In some mail from mulligan @
com, sie said:
> > > Maybe. An attacker might be able to send what looks like an innocent
> > > IP & TCP header with the SYN bit clear and the ACK bit set (so it can
> > > get through an established connection filter), then follow it with a
> > > fragment with an offset of 1 (i.e. 8 bytes into the TCP header) and
> Simon wrote:
> > This is easy to implement, but I have not yet seen a fragment
> > re-assembly implementation that would be fooled by this. In BSD for
> > instance fragments have leading overlay trimmed and overwrite trailing
> > overlay.
> It's true that the bsd seems to do the right thing with overlapping
> fragments, but if the reassembly routine was written to RFC791, then you
> will get the behavior described. In the example reassembly procedure,
> in RFC791 (Internet Protocol) it says:
> "In the case that two or more fragments contain the same data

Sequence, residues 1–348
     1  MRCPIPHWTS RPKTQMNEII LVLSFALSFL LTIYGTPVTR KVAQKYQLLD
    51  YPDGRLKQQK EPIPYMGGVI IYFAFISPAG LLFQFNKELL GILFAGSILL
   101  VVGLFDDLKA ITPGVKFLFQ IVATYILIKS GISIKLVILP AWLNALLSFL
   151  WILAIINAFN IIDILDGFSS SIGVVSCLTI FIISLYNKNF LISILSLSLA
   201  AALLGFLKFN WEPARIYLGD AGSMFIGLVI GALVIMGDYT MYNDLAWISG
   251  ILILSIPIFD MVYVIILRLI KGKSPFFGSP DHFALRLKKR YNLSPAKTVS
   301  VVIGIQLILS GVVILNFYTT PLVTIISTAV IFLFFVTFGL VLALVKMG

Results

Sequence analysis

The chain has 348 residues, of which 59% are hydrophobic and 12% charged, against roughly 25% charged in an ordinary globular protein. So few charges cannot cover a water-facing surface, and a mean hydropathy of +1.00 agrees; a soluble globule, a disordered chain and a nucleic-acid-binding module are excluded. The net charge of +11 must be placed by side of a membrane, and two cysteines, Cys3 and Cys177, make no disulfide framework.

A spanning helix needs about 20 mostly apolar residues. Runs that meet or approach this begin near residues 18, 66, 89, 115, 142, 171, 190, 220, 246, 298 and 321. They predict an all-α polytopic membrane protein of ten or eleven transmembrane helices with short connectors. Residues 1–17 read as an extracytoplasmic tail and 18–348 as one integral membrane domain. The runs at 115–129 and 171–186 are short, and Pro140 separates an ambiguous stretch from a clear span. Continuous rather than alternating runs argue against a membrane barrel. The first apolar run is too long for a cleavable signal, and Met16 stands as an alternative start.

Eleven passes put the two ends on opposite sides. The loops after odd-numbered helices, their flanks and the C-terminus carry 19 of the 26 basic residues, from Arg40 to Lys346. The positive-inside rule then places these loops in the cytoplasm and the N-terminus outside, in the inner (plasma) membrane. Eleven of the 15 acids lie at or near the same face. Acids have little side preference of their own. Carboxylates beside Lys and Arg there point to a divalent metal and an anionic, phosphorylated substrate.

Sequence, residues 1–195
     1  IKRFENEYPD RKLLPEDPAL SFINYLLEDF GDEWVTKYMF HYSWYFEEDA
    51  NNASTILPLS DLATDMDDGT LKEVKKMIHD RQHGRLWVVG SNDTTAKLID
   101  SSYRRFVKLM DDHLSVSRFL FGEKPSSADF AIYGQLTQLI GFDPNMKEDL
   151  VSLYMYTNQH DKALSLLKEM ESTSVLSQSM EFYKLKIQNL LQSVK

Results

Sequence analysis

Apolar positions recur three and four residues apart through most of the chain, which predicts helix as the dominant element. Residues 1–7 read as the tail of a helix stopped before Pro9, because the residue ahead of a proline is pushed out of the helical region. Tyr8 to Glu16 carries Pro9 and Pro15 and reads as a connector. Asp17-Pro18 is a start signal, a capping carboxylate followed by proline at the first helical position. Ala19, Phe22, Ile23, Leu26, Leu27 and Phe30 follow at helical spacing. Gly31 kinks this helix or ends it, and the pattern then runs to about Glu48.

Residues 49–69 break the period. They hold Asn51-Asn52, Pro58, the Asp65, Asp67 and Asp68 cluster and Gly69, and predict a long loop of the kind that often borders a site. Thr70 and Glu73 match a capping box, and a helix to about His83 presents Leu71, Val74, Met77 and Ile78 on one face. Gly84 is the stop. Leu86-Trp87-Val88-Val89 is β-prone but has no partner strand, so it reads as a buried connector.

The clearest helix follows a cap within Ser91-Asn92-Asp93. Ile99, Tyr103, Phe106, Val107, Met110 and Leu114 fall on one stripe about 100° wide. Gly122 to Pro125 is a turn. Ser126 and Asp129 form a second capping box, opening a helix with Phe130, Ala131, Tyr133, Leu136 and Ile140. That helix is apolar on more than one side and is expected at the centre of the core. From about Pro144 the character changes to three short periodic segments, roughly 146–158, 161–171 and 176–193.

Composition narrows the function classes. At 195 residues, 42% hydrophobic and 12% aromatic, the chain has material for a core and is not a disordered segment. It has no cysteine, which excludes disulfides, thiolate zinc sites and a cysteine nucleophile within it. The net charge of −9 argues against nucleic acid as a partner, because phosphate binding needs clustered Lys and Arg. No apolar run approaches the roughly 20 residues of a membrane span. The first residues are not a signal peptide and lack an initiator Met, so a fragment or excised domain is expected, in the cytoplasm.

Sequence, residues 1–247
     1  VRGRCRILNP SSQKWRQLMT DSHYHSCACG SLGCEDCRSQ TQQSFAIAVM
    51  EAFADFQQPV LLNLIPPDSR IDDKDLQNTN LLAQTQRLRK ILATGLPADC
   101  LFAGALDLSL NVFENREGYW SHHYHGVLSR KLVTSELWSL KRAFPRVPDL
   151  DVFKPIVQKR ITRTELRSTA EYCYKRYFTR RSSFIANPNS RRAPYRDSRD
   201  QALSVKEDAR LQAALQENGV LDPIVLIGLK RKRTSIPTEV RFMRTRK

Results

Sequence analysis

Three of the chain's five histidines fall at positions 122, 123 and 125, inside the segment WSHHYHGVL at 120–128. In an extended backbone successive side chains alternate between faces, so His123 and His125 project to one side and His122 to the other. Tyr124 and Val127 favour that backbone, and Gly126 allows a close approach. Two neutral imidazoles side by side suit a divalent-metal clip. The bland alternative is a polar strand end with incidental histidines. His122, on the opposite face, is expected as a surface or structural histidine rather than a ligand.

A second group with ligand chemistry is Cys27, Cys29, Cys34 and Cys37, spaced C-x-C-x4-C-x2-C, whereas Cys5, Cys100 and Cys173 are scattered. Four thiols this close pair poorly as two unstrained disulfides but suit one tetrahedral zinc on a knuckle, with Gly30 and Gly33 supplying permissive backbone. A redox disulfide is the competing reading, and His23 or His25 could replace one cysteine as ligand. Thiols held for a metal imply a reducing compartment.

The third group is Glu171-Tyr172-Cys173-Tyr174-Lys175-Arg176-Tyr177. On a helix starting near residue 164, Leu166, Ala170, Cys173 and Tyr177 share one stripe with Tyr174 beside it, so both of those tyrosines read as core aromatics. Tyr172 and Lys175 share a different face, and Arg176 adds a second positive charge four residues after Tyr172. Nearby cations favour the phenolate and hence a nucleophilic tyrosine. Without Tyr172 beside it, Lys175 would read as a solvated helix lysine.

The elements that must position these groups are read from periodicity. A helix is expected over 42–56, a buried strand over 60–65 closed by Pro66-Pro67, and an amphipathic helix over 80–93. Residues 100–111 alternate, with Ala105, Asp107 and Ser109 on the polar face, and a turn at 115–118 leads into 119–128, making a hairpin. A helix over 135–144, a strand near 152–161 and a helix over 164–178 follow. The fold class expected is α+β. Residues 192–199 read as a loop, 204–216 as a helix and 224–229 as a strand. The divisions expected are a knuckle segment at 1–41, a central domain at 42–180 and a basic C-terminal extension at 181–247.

> either indentically or through a partial overlap, this procedure
> will use the more recently arrived copy in the data buffer in
> the data buffer and datagram delivered."
RFC791 has one suggestion for IP packet reassmebly. Another can be found
0815 IP datagram reassembly algorithms. D.D. Clark. Jul-01-1982.
(Format: TXT=14575 bytes)
And RFC1122 (Requirements for Internet Hosts -- Communication Layers)
which has some more notes on this subject.
Also, consult the firewalls mailing list archives for detailed notes
(early June/late May - prior to Cisco's revelation) on this subject.